As Jasper has answered, "Per Imperium Venit Pax" is a good way of declining your motto.
The German–Latin dictionary Neues Latein Lexikon, 1998 edition, offers:
aeronavis, is, f
(Cited after the Lexicon Latinum Hodiernum. The N.L.L. is supposed to be a translation of the Vatican's Italian–Latin Lexicon Recentis Latinitatis, infamous for its lengthy circumlocutions. The online edition of the latters offers aëria navis, which is more in keeping ...
The present active participles are patiens and dolens, so the anglicized words with the omni- prefix would be omnipatient and omnidolent. The former, according to Lexico, has the definition:
Having unlimited endurance; infinitely patient.
Omnidolent, on the other hand, doesn't appear in any dictionary that I know of. However, the term was used by Samuel ...
The Irish word "dún" means a "fort" and has meant that since the Early Irish period as far as I am aware, also Modern Welsh "dinas" means a city (Old Welsh "din"), both the Irish and Welsh words appear in placenames usually suggesting a fort, or fortified hill or promontory. I wonder if the Gaulish word "dunom" generally meant 'fort' too during the Roman ...
It depends on the exact word they'd be trying to borrow. Proto-Germanic was spoken in the first centuries CE and the Proto-Germanic word reflected as English dune is reconstructed as *dūnǭ or *dūnaz; the latter would be a straightforward dūnus (compare e.g. rattus 'rat' < PGmc *rattaz), the former likely dūnō (third declension, like sāpō 'soap' < PGmc *...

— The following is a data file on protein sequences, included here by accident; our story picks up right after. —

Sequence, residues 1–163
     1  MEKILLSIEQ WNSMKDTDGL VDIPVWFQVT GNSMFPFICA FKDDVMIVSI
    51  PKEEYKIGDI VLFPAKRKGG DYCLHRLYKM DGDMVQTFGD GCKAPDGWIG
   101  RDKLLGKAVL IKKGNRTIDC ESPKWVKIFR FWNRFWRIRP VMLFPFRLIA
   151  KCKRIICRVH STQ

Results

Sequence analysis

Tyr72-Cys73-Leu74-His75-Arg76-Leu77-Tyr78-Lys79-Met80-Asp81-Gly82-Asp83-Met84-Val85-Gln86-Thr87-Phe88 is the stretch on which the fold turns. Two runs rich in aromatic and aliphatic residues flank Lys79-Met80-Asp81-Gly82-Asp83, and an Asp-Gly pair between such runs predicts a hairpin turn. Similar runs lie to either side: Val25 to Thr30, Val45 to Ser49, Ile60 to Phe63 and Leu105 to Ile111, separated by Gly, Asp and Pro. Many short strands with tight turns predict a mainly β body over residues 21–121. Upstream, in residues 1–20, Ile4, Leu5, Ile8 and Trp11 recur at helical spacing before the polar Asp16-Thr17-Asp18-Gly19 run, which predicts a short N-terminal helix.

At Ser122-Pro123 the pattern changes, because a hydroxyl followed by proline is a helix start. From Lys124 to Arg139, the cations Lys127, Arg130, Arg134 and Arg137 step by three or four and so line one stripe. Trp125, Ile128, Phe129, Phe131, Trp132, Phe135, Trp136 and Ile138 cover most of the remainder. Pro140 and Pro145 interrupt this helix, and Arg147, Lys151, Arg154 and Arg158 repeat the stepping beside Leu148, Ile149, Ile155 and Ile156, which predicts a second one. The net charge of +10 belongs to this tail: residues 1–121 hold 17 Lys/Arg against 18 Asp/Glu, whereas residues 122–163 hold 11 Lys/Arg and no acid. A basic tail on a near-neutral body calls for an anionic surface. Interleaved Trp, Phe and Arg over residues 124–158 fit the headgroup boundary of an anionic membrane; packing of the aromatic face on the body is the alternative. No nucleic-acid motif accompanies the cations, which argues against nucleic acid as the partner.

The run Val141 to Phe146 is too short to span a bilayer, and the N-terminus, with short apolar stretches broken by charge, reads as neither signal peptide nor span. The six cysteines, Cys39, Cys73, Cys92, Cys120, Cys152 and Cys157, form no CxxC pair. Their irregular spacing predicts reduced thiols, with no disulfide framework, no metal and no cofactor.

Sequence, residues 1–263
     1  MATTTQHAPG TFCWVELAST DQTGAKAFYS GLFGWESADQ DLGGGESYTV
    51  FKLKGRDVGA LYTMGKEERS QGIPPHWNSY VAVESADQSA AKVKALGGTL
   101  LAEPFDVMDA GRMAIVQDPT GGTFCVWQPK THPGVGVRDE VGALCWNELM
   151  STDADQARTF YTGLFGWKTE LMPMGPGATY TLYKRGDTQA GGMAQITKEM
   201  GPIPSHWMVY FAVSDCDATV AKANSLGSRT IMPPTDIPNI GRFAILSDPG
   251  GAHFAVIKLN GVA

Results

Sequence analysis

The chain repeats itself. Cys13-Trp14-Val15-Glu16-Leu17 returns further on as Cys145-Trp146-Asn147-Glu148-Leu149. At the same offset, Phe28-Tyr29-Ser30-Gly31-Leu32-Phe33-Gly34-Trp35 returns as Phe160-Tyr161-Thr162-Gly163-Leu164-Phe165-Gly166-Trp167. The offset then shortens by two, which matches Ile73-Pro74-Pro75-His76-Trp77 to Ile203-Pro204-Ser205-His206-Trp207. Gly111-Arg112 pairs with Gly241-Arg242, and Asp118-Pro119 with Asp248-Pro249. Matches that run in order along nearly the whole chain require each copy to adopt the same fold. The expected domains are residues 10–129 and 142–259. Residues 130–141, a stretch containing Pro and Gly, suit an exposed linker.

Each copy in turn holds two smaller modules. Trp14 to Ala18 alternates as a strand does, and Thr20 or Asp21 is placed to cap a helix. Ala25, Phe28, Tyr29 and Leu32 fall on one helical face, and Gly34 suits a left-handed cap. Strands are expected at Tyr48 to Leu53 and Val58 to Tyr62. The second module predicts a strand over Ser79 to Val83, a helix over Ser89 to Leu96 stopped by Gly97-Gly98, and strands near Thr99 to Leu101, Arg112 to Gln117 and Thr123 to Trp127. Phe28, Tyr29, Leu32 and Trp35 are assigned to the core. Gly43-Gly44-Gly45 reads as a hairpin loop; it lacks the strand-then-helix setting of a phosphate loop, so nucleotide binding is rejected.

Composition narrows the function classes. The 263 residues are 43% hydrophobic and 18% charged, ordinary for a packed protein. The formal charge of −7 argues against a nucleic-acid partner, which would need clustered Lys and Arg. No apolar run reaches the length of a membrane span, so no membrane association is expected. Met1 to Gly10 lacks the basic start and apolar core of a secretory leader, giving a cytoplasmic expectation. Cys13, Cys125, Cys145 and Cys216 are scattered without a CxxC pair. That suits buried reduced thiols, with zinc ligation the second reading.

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The second translation does not express the right idea. Cras (“tomorrow”) is an adverb, so it modifies inspirante, not principes, meaning: “Inspiring the leaders tomorrow.” But you are presumably inspring them today. It also seems random that the participle was put in ...
Conscientia est actio is grammatically correct, but it means “conscience (or joint knowledge) is action,” which is strange and probably not what you have in mind.
Scientia is not a bad choice. Latin has a few more words of this sort: cognitio, notitia, intellegentia, … It can be hard to make out the nuances from dictionary entries alone. What comes in ...
It is all but meaningless to translate a single word. If your teacher does not think so, ask him or her to translate the English word “have” to Latin, or Spanish, or Chinese, or any other language; it is downright impossible. I will explain in a minute why this is especially true of videre, a seemingly innocuous word which actually has a few surprising ...